A Meaning of the Veil – One view is that of a jail sentence for all women that are required to wear any form of covering. It is the requirement, not the freedom to choose, that places all veiled women in a prison. They stand in their cell, behind a restrictive barrier, looking out on those who would be free.
The headline reads, Saudi religious cop says ‘no need’ for women to cover up
The following website is quite informative. I recommend you click and then return here: http://tribune.com.pk/story/84452/saudi-religious-cop-says-no-need-for-women-to-cover-up/. For this I thank my friend. (Note: the date Thursday Dec. 02, 2010 – the Source was: The Express Tribune with the International Herald Tribune.)
From the article you will note there is by some voices, even in Saudi Arabia, a stated goal to loosen up the restraints of Wahhabism. The abaya is a start – reveal faces, arms, and even hair. Then there is the question of work for women. Allowed or not. It is being debated.
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The same source (female – from a Muslim Country)(thank you for your response) that referred me to the above article – responding to the post – Understanding Islam – Part 71 – Beware of Veiled Women (https://tombalderston.wordpress.com/2010/11/29/understanding-islam-part-71-beware-of-veiled-women/) provided the following feedback (note: edited and paraphrased and the most interesting comments to me are italicized). This is the thinking of a more objective female, one who loves Allah (in spite of what I say), and I respect her dearly for her position. We enjoy an open dialog, healthy, and useful for understanding.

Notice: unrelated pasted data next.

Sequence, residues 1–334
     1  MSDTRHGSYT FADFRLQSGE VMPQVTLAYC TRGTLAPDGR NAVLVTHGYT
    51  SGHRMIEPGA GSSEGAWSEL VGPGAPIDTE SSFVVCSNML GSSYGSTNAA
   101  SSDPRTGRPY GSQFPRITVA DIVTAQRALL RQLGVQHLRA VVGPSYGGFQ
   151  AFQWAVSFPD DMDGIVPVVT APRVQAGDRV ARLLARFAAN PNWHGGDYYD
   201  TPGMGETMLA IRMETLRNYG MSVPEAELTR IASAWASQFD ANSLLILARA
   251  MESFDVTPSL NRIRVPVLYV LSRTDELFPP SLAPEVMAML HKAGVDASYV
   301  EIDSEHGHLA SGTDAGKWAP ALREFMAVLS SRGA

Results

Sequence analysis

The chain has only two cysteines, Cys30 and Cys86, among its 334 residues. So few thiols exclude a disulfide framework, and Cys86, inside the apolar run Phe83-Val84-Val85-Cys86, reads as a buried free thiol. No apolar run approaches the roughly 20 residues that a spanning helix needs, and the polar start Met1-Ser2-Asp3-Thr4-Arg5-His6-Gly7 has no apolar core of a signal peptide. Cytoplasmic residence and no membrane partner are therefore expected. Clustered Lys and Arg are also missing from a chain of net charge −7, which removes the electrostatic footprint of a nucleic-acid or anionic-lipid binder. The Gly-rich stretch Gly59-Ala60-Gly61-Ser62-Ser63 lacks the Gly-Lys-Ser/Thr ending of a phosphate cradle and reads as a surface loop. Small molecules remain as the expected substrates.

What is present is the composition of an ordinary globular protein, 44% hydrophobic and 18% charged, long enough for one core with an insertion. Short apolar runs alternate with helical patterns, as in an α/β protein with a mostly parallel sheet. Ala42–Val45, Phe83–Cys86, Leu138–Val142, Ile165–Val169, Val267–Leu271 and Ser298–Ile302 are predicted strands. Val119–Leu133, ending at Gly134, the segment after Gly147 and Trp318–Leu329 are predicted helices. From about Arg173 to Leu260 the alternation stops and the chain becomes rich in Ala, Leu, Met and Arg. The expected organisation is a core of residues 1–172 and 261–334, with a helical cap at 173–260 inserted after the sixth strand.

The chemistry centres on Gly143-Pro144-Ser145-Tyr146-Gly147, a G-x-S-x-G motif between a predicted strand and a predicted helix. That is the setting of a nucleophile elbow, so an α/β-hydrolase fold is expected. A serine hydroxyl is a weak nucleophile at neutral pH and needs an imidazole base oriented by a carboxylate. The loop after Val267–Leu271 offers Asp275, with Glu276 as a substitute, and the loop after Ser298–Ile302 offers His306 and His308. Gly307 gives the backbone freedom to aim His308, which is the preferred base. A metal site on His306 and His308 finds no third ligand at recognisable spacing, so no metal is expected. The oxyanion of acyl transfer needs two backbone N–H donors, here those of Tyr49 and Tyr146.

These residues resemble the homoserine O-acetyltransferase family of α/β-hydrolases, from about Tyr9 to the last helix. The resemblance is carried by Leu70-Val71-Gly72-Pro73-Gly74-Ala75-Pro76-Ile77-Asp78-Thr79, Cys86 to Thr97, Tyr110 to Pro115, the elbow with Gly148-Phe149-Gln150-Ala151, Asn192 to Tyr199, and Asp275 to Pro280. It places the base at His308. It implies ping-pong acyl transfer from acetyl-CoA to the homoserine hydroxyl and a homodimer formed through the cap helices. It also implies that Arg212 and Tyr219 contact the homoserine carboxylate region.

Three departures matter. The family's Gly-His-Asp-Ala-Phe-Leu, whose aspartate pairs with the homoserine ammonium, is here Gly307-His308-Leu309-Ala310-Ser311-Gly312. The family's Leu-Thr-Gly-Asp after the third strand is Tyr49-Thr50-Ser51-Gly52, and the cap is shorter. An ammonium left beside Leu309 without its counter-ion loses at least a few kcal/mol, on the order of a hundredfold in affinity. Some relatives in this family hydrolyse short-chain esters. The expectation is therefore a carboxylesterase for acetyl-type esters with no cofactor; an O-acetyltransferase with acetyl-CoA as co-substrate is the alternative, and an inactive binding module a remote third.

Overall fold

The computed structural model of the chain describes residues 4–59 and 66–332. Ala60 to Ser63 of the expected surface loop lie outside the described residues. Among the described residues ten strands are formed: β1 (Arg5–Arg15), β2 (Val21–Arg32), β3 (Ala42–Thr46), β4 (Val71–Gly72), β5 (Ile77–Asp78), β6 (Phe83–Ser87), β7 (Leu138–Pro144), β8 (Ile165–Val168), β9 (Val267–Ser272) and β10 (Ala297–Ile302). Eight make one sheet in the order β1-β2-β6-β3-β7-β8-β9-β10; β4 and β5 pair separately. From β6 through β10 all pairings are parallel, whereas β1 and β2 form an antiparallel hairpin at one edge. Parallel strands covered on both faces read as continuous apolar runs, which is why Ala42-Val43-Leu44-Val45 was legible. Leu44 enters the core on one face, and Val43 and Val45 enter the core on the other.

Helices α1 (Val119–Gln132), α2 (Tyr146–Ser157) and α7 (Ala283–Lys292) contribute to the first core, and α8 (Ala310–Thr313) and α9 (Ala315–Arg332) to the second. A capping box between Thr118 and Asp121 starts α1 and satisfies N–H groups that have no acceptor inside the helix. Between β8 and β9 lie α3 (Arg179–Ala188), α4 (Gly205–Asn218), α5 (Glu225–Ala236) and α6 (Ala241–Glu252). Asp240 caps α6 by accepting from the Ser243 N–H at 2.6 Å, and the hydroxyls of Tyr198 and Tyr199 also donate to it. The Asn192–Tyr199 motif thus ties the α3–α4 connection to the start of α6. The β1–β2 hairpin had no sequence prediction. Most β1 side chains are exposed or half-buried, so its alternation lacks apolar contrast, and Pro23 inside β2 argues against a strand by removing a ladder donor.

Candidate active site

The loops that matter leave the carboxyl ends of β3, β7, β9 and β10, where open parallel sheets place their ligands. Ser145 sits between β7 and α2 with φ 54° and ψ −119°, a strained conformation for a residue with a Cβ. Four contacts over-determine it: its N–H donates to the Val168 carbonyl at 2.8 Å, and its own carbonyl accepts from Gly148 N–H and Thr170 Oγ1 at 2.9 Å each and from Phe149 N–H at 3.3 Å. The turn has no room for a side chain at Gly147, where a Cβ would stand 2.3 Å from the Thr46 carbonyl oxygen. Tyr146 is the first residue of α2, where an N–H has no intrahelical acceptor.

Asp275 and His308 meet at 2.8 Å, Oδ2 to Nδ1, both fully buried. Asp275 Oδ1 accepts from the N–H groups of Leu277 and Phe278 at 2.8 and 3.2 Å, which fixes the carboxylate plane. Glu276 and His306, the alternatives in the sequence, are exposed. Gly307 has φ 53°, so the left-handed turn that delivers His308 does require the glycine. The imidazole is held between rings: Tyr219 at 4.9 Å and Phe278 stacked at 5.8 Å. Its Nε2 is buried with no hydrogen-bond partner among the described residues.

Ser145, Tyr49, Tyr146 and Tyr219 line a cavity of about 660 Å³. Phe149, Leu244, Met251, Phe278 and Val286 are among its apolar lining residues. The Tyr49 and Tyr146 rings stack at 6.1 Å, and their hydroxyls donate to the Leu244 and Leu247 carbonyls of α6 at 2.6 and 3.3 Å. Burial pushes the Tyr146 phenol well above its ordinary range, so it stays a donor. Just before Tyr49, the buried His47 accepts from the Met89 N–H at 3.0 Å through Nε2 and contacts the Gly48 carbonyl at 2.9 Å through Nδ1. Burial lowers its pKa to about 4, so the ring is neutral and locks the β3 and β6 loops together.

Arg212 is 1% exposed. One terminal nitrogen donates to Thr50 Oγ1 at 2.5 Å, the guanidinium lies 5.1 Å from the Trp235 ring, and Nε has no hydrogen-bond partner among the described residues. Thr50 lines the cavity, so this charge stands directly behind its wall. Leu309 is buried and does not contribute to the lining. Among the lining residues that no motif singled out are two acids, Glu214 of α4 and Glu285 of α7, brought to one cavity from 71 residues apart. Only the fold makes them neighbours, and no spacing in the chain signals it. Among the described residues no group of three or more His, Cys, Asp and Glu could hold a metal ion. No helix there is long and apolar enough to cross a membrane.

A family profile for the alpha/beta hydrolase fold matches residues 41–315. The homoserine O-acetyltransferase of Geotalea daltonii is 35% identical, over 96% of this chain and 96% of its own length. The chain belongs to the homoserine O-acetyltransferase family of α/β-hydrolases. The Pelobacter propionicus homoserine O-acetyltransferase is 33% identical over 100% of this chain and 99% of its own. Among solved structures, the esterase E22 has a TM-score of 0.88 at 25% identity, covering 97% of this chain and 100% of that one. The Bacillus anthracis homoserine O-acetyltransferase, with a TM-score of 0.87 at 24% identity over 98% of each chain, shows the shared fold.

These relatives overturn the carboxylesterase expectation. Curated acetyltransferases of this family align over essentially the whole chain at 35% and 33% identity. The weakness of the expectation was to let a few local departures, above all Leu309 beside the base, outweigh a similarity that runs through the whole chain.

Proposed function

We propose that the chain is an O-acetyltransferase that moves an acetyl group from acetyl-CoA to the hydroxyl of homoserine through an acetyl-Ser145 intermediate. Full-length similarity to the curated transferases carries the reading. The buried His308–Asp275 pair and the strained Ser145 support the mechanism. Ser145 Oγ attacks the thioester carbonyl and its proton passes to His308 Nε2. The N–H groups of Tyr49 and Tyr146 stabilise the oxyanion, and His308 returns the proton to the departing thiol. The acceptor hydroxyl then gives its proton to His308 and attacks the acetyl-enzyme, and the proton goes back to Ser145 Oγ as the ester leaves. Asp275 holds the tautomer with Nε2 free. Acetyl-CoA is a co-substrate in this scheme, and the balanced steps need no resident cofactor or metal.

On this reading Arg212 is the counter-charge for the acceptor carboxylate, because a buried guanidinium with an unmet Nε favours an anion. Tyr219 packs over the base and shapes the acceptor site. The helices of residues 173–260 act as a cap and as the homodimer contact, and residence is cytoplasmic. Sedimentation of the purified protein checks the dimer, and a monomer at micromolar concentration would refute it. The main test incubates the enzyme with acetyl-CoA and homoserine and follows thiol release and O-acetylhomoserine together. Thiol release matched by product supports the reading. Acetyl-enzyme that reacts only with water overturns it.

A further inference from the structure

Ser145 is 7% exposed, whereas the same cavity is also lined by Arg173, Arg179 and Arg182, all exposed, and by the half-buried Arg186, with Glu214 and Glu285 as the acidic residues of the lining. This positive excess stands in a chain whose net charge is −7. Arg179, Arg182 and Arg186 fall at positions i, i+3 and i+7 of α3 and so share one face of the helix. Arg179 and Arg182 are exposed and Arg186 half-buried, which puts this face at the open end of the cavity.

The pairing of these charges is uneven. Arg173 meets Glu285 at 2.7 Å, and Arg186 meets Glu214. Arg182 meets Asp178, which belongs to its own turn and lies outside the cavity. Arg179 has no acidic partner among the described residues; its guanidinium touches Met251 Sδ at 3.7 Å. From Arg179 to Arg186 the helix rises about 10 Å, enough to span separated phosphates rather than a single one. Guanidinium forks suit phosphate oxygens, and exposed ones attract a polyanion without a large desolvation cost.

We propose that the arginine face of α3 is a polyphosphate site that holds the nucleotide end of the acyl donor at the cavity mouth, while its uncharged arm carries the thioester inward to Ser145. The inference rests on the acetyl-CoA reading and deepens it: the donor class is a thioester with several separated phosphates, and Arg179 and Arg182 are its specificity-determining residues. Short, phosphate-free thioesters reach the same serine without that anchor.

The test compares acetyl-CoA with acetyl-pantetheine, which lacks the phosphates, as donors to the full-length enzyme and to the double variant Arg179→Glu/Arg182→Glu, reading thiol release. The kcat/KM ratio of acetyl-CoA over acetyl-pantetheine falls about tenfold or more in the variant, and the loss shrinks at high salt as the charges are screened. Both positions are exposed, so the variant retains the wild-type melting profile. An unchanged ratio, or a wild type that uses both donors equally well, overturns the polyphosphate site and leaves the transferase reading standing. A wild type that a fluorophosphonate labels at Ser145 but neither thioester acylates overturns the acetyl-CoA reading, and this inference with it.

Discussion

This article (noted above) quoting Ahmed Alghamdi supports your view regarding the veil. I have no problem whether women cover up or not! I believe the act of covering oneself is up to the person and it is between the woman and God.
Wearing of the veil forced by family and traditions is as bars of a prison surrounded one’s life. Such an act of covering has to be done out of conviction. I agree that it is mentioned in the Qur’an (as a covering of piety) but I wonder if there is a verse in Qur’an that states a law for punishing a woman for not covering.
The point is to behave in a modest way and to dress up modestly and as you said the verse states that the best of clothes is piety. This is my own understanding but yet I cannot declare it before my people. They don’t understand it that way. All what concerns such people (Islamic fundamentalists) is whether you follow these ‘scales of the faith’ completely. Covered up in black and staying away from men who are not related to you is the ‘scale’; applied by men, also women, to measure the strength of your faith. You cannot argue, debate the issue, as the quarrel would only lead to worse outcomes.